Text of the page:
The first man introuduced tonight in the Holiday Bowl was Navy senior Phil McConkey. The 164-pound flanker raced to midfield, leaping and exhorting his teammates to win their first bowl appearance since the glory days of Roger Staubach.
And it was little McConkey standing alone in the end zone in the fourth quarter, exulting once more, after his acrobatic 65-yard touchdown catch rallied Navy to its 23-16 victory over Brigham Young University.
Navy traled, 16-3, early in the second half in San Diego Stadium and seemed in danger of smothering itself in penaltes and conservative stragety.
But McConkey cured that. As the sellout crowd of 52,506 caught some of his bouncing, infectious spirit, McConkey ran two splendid reverses-one left, one right-ignting Navy drives that produced a touchdown and a field goal that made the score 16-13.
Then, with 11:44 to play, he latched onto a Bob Leszcynski pass at the BYU 30-yard line and hot-footed it into the end zone to complete the 65-yard strike and put Navy ahead to stay.
"We're just so, so happy to be here . . . to get to play in a bowl game," bubbled McConkey over the PA system minutes after the game as he received the game's outstanding offensive player trophy. "We'll remember this moment all our lives."
McConkey, whose 39-yard touchdown pass was nullified by a first-half penalty, shared some of the spotlight with kicker Bob Tata who nailed field goals of 40, 28 and 27 yards.
It was the two smallest Mids-McConkey and the 160-pound Tata-who gave this unheralded Navy team its 9-3 record, best since the 1963 Staubach-led team went 9-2.
BYU, switching two quarterbacks all night, finished its year 9-4.
This game had several twists and turns, but in the end, it is McConkey's flying catch of Leszcznski's pass that will be remembered.
It came as the visible culmination of a powerful turning tide. When McConkey fair-caught a punt at his 35-yard line with less than 12 miniutes to play, Navy trailing 16-13, the Midshipmen had been dominating the game for almost a full quarter.
That fair catch was the last fiar thing, McConkey did to BYU. On Navy's first play after the Cougar punt, McConkey ran the oldest and best of all pass patterns-the streak.
Leszczynski threw the pass well-long and hard so that McConkey could watch the ball and time it over his shoulder while the defensive back was tangled.
At the BYU 30, McConkey stutter-stepped to juke his defender into watching him instead of the ball, leaped higher than his 5-foot-10 fram ought to go.
He came down with the ball and he came down running. When he stopped, his one defender long since fallen in a heap, and Navy was in the captain's seat.
"That may not have been the best catch of may life, but it sure was the biggest," said McConkey, who has scored 17 touchdowns at Navy.
"My size has never been a hindrance to me," he said with a grin. "I'm a cocky little somethin' or other . . .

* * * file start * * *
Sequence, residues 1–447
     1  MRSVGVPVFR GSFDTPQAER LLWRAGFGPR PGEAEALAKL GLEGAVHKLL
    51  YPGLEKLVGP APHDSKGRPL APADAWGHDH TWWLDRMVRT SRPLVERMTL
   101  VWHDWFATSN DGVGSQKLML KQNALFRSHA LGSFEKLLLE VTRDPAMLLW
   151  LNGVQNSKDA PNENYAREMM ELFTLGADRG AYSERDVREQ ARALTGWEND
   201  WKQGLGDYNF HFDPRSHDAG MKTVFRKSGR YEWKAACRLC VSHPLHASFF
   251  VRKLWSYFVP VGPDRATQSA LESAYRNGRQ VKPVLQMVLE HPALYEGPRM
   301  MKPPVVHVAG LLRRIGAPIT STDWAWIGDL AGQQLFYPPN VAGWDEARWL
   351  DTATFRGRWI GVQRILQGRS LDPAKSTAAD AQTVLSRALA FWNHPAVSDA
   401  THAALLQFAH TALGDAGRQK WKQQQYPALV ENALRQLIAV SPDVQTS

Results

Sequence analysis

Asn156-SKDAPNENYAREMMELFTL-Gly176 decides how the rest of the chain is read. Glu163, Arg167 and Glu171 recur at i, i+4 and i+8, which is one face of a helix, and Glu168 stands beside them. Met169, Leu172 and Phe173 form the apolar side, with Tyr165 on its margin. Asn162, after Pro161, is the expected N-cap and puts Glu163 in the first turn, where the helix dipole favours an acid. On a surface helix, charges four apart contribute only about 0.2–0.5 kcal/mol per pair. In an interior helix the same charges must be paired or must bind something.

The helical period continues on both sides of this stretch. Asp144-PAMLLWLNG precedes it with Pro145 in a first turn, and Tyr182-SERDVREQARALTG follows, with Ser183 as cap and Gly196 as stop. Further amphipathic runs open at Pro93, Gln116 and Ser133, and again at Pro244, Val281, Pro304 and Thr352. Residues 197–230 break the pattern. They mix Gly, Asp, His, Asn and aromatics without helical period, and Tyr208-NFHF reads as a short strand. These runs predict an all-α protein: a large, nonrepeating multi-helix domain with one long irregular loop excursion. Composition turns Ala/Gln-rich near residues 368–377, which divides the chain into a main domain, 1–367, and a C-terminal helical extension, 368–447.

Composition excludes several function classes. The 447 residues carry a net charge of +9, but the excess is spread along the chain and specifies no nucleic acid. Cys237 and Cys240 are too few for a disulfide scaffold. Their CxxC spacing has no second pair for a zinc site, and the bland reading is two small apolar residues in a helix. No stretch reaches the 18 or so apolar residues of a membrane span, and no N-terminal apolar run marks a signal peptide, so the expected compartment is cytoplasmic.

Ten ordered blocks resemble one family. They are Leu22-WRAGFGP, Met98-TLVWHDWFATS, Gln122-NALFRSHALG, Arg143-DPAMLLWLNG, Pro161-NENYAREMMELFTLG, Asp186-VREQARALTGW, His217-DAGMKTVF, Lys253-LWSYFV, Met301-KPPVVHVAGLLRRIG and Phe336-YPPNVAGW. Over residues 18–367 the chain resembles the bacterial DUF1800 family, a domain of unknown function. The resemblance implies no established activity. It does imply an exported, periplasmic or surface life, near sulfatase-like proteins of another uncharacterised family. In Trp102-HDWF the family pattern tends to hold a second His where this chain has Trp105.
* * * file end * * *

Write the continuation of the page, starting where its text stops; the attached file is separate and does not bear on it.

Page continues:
"There's a chemistry on this team that I can't quite explain. Earlier this year we were 7-0 and on top of the world. Then we lost three straight. But during that time there were no guys pointing fingers at each other. We just hung together."
After finishing its season with a 28-0 victory over Army and bowl triumph, Navy is close to top of its world again. "I never felt we'd loose," said Leszczynski.
"This was going to be the last game of my career and I was going to make sure it was good." said the quarter-back who went seven-for-13 for 123 yards, four of the completions to McConkey for 88 yards.
Navy's strong finish gave it a 352-to-255 edge in yards. BYU line backer Tom Enlow told the truth: "They sure have a lot of character. And I think maybe they're in better shape than us."
The first half of this game was vintge sleeper. A Navy holding penalty killed McConkey's first TD catch and the half ended with a Navy drive dying on fourth down at the BYU one-yard line. On the last Navy play, Leszcznski rolled left and ran, failing somehow to see that his primary receiver was open by 10 yards in the end zone.
The crowd, full of Navy supporters in this battleship and carrier-filled port, was so restive that the biggest cheers of the half were for the KGB Chicken, a colorful mascot who infests this stadium during San Diego Padre games.
He was not invited tonight and security guards tried eject him. But the Chicken pulled a sit-down strike that roused 50,000 people to chants of "KGB, KGB . . ." and forced the rent-a-cops to let the interloper stay.
When BYU's Jim McMahon, who alreadly had passed 10 yards to Mike Chronister for one touchdown, sprinted left and dove over the goal line flag for a two-yard score and a 16-3 lead, it looked like the night would be chicken feathers for Navy.
Navy might have cursed its penalty misfortunes, its blunders and folded before BYU's growing momentum. Instead, as befits military gentlemen, the Navy players decided it was time to fight.
McConkey's reverses were the inspiration. On a 76-yard Navy scoring march that ended with a three-yard touchdown plunge by Kevin Tolbert, McConkey sped left for 16 yards, then squirmed and wriggled so much when tackled that a Cougar grabbed his face mask-adding 15 yards to the gain.
Navy drove in its next possession, setting up a 27-yard Tata field goal that cut the deficit to 16-13, McConkey ran the same flanker-around play to the right for 26 yards, cutting back against the grain in traffic like a fearless 220-pounder.
Tata hit his final field goal with 7:14 to play, giving Navy a seven-point lead. The Mids looked comfortable.
In the closing minutes, McMahon was reinserted for Marc Wilson. He drove BYU across midfield with 1:58 to play. But that was the last gasp.